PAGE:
7. On the 18th July, 1972, the petitioner filed another application under O. 6, Rule 17, and Section 151 of the Code of Civil Procedure, for amendment of the election petition. The relevant paragraphs of this petition are 2, 3, 4, and 5 and are reproduced below:--
'2. That on a careful reading of his Election Petition the petitioner has found that some typographical mistakes of accidental character have occurred in the Election Petition. This has now been pointed out by Respondent No. 1 also in his written statement. To obviate the difficulty which may arise on account of such mistakes continuing in the Election Petition and to keep the records straight and to avoid confusion, the petitioner felt advised to remove such mistakes by making appropriate amendment to the Election Petition. The mistakes so occurred are as under:--
3. In the third line from the bottom appearing at page 9 as contained in paragraph 11(e)(i) of the Election Petition the word 'six' has been stated instead of the word 'five'. In this clause names of five specific persons have been given. Reference has been made only to those five persons. This fact has been so stated in the earlier part of this clause at two places.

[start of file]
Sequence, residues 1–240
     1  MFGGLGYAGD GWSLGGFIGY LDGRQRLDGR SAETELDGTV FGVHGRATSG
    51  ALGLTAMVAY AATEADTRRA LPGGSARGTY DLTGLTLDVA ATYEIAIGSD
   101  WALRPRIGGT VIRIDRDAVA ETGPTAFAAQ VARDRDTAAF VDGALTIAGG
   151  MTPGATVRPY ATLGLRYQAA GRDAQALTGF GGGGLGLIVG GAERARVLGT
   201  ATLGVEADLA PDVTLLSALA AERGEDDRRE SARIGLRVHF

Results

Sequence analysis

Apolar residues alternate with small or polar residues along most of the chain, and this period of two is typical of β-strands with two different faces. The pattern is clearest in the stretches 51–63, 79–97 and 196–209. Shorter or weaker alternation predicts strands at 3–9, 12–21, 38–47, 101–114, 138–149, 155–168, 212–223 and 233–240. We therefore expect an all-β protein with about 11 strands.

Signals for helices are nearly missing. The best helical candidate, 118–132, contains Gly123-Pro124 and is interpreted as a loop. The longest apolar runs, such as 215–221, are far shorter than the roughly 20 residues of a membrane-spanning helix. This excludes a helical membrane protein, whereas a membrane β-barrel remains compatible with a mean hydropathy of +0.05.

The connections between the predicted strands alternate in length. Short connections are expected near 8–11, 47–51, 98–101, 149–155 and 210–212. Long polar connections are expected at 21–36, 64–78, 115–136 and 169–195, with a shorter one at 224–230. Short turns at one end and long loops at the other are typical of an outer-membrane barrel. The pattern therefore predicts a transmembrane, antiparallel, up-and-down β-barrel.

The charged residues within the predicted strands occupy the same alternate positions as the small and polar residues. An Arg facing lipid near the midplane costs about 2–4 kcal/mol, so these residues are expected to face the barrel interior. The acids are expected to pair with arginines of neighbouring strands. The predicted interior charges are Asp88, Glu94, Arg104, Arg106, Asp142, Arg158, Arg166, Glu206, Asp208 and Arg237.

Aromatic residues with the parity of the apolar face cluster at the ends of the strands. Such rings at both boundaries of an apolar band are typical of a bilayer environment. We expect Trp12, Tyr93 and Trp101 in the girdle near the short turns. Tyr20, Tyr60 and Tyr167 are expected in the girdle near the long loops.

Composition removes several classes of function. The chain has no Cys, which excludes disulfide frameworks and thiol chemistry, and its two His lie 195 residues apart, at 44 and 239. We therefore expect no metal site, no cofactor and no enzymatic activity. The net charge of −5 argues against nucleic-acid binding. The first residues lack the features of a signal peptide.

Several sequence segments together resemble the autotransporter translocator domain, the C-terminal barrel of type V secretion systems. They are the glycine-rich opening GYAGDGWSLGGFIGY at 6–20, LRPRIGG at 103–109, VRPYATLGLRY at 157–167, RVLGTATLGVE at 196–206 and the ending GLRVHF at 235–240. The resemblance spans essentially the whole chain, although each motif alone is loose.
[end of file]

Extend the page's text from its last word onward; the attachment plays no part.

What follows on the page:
4. That the petitioner filed 8 copies duly attested by him to be true copies under his own signatures along with the Election Petition and filed 9 copies of the Election Petition duly signed by his counsel. In this manner 17 copies in all were filed along with the Election Petition. This was besides the main Election Petition which was filed in this Hon'ble Court duly signed and verified by the petitioner.
5. That as the petitioner was required to file only 8 copies of the Election Petition with the attestation of the copies as true copies under his signatures, the petitioner made a statement to that effect in the Election Petition itself. The petitioner stated that the petition was being accompanied by 8 copies duly attested by the petitioner under his signatures to be true copies of the petition but instead of the figure '8' the figure '3' was typed by inadvertence. The figure '3' appearing in paragraph 14 of the Petition deserves to be substituted by the figure '8'.
This application was put up before me on the 19th of July, 1972, and I passed the following order:--
'So far as the prayer in paragraph 3 is concerned, it is otiose because in the original petition what is sought to be substituted by amendment already exists. With regard to the prayer, in paragraph 4 the prayer s that instead of digit '3' digit '8' be substituted in paragraph 14 of the Election Petition. it is stated in paragraph 4 of the amendment application that the petitioner under his signatures, filed 8 copies of the petition duly attested by him. However, instead of stating 8 copies in the relevant para of the Election Petition, only three were stated. This prayer is of an inconsequential nature. The learned counsel states that originally be filed 8 copies. If that is so, the office record will prove it. The petitioner in that situation will not be adversely affected.'